National Weather Service Recognizes Huntsville International as ‘StormReady’ Airport
HUNTSVILLE, Ala. (WHNT) – On the 40th anniversary of the 1974 tornado outbreak, the National Weather Service recognized Huntsville International Airport as one of only 12 airports across the country designated as StormReady.
StormReady, a program started in 1999 in Tulsa, Oklahoma, helps arm America’s communities with the communication and safety skills needed to save lives and property–before and during the event. StormReady helps community leaders and emergency managers strengthen local safety programs.
“This is the culmination of a months long process with the National Weather Service, the Huntsville/Madison County EMA and the Huntsville/Madison County Airport Authority,” explains Authority Director of Operations Kevin Vandeburg.
The StormReady designation does not mean the airport is certified as a storm shelter, but there is signage posted to direct people to public restrooms – the safest windowless places in the airport if weather threatens – and employees are now equipped to know when to make the call to usher folks in.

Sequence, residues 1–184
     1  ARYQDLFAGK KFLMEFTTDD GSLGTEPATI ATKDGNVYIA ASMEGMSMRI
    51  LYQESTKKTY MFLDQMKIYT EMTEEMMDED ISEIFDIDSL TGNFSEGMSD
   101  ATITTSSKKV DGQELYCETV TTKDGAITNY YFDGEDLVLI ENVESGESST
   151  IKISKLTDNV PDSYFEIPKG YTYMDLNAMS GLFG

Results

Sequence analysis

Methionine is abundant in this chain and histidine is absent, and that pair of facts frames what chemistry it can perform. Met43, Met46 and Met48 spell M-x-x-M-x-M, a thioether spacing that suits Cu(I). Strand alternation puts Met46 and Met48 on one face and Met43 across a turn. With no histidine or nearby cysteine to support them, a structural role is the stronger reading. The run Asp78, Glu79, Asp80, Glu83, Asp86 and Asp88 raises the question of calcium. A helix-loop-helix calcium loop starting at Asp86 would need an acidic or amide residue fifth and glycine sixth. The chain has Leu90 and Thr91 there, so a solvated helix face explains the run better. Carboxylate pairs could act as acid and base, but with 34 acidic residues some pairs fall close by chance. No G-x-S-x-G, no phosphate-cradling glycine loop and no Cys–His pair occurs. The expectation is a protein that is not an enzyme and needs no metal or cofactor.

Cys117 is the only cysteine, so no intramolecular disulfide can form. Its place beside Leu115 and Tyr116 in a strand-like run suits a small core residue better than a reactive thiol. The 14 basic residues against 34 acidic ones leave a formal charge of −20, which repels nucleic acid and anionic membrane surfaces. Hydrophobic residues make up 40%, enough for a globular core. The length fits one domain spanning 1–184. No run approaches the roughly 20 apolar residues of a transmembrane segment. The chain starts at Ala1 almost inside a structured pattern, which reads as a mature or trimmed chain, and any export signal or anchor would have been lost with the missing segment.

To be recognized as StormReady, a site/community must:
- Establish a 24-hour warning point and emergency operations center
- Have multiple ways to receive critical severe weather information (i.e. warnings) from the NWS, and effectively disseminate this information
- Have a system that monitors local weather conditions
- Promote the importance of public readiness through community seminars
- Develop a formal hazardous weather plan, including regular outreach and emergency exercises.
“It’s also understanding how to communicate with not only the National Weather Service but how are you getting that information like warning information to passengers here in the airport or to workers that are out on the ground prior to events,” explains Dave Nadler of NWS.
Nadler says the StormReady honor isn’t just handed over. Airport employees and operations personnel participated in training to learn things like the difference between a watch and a warning and what to do before and after a severe weather event.
“You’re building that up and you’re enhancing education and knowledge and of course you’re building a relationship between the National Weather Service and the airport.”
Becoming StormReady does not stop at training. It also gave airport operations personnel a chance to evaluate and fine tune their existing severe weather readiness plan.
Madison County as a whole was also designated as a StormReady County in 2012. The program began with seven communities in the Tulsa, Oklahoma area. Today there are nearly 2,200 StormReady sites and communities.